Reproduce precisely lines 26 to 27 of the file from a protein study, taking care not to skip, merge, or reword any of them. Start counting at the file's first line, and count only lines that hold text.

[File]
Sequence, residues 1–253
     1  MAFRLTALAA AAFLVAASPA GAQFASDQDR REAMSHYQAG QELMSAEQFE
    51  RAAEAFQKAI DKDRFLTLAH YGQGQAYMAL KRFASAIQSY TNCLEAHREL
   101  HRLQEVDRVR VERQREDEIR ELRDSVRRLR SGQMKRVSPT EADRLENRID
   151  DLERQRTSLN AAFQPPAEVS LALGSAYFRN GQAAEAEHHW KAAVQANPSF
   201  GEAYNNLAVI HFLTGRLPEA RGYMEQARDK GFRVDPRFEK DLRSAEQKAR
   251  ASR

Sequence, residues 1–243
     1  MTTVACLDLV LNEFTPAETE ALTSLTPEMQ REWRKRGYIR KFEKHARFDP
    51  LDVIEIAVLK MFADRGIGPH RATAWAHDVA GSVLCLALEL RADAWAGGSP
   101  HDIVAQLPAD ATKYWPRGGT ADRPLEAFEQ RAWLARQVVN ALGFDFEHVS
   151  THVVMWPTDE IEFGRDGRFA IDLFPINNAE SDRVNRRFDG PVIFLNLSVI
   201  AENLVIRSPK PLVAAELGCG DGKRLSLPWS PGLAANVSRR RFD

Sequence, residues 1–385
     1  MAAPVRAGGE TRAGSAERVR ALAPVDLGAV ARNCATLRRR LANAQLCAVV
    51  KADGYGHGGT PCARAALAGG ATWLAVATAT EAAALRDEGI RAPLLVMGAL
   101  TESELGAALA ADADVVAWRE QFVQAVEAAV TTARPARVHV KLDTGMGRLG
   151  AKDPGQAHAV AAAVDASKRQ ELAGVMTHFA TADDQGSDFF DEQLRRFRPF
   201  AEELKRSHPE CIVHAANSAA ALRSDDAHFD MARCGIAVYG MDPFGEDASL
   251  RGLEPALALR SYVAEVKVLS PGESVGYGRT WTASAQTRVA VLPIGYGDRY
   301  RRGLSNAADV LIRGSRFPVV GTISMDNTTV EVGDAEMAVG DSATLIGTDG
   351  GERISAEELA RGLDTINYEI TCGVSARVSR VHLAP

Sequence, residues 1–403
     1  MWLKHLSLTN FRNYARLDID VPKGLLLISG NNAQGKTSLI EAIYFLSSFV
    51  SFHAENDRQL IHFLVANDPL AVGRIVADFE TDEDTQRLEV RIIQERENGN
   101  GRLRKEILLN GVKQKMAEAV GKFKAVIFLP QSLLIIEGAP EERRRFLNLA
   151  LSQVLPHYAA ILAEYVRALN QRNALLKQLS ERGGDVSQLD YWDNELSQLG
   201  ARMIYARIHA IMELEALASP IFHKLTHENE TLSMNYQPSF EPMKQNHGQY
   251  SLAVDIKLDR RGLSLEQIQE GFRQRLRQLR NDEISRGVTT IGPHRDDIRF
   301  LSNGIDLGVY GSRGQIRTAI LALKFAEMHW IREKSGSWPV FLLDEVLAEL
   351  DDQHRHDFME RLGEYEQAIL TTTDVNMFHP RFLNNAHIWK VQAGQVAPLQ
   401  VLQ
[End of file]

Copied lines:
   101  GRLRKEILLN GVKQKMAEAV GKFKAVIFLP QSLLIIEGAP EERRRFLNLA
   151  LSQVLPHYAA ILAEYVRALN QRNALLKQLS ERGGDVSQLD YWDNELSQLG